Middle-east Arab News Opinion | Asharq Al-awsat

Iran’s top leader appoints new judiciary chief | ASHARQ AL-AWSAT English Archive 2005 -2017
Select Page

TEHRAN, Iran (AP) – Iran’s supreme leader appointed a hard-line cleric as the country’s new judiciary chief following the end of his predecessor’s term, state television reported Saturday.

Sadeq Larijani’s appointment does not appear to be related to the turmoil that has wracked Iran following the disputed June presidential election. But the new judiciary chief will face an early test in determining how to respond to allegations that opposition protesters detained after the election were tortured to death.

Both reformists and conservatives have criticized the prisoner abuse and have called for those responsible to be punished. The anger on both sides of the political spectrum has intensified pressure on President Mahmoud Ahmadinejad, who reformists believe stole the recent election with massive fraud.

The unrest has also presented Supreme Leader Ayatollah Ali Khamenei with the greatest challenge ever to Iran’s cleric-led system since the 1979 Islamic Revolution.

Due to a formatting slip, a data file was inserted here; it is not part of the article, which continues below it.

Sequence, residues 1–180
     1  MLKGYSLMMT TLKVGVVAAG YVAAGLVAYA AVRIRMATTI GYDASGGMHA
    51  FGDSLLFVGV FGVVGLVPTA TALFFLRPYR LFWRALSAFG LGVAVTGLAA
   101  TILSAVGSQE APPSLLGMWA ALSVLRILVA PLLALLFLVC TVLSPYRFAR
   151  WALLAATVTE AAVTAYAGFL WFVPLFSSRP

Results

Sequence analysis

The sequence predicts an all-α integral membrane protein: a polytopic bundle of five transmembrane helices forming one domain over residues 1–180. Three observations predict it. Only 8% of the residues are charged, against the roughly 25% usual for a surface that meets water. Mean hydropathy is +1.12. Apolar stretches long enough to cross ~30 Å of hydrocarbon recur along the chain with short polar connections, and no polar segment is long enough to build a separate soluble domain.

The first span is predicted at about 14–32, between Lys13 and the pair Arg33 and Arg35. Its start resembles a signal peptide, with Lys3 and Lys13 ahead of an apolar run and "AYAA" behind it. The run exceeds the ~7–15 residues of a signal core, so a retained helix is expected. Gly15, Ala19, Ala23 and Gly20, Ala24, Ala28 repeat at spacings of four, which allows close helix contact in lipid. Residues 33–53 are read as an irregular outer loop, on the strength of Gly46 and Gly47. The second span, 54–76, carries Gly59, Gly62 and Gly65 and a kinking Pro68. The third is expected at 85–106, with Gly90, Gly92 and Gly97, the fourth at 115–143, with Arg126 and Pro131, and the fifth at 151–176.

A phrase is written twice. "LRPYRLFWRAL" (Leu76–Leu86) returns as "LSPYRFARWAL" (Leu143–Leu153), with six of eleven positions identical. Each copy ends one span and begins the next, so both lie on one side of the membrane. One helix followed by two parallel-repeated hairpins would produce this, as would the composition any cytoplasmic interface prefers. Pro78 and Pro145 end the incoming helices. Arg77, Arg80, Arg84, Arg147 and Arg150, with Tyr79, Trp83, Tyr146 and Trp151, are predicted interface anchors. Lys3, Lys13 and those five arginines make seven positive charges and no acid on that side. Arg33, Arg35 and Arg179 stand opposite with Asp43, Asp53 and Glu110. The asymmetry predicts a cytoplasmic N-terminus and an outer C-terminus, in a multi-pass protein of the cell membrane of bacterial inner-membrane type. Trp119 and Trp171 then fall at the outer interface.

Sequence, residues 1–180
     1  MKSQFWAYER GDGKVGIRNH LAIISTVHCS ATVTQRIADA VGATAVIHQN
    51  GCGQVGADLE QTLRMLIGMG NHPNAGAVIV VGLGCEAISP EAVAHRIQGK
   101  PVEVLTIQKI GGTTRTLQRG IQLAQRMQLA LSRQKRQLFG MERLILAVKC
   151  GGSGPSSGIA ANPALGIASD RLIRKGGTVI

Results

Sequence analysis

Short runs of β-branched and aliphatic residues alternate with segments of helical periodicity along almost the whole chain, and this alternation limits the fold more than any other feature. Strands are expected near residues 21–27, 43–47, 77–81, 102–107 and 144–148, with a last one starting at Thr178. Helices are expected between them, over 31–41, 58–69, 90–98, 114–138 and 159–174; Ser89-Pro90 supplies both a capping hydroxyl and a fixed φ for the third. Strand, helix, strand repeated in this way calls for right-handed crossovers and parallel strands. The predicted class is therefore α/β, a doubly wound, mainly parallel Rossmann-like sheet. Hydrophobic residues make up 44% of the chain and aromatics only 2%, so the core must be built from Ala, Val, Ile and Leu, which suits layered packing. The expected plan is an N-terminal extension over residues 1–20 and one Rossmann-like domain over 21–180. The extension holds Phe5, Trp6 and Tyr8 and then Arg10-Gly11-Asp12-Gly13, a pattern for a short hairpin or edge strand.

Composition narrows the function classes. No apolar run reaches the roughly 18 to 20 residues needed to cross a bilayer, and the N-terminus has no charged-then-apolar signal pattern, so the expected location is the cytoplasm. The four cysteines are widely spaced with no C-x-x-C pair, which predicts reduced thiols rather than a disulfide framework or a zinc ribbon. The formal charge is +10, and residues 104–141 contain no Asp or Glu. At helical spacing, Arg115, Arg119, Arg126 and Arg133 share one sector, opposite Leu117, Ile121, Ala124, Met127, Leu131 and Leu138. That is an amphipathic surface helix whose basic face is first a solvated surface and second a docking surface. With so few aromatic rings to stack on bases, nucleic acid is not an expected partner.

Khamenei, who has supported Ahmadinejad in the election dispute, will rely on fellow hard-liner Larijani to help cope with the crisis at the judicial level.

A key part of the government’s strategy to deflect criticism of its response to the post-election unrest has been a high-profile trial of 100 reformist politicians and activists accused of attempting to overthrow Iran’s Islamic system.

Larijani, who has been appointed to an initial five-year term, will take responsibility for a trial that the opposition has called a sham. The government has attempted to paint those on trial as agents of the country’s foreign enemies.

But the effort has been complicated by the allegations of prisoner abuse. Senior police and judiciary officials have tried to calm public outrage by acknowledging that some detainees were abused in prison and calling for those responsible to be punished. But the uproar has continued, especially over claims by defeated reformist presidential candidate Mahdi Karroubi that male and female detainees were savagely raped by their jailers.

The new judiciary chief’s brother, Parliament Speaker Ali Larijani, has denied the rape allegations, but it has not quieted Karroubi and others.

Larijani replaces conservative cleric Ayatollah Mahmoud Hashemi Shahroudi, who has finished serving two customary five-year terms. The new chief is currently a member of the hard-line constitutional watchdog, the Guardian Council, which certified the results of the presidential election.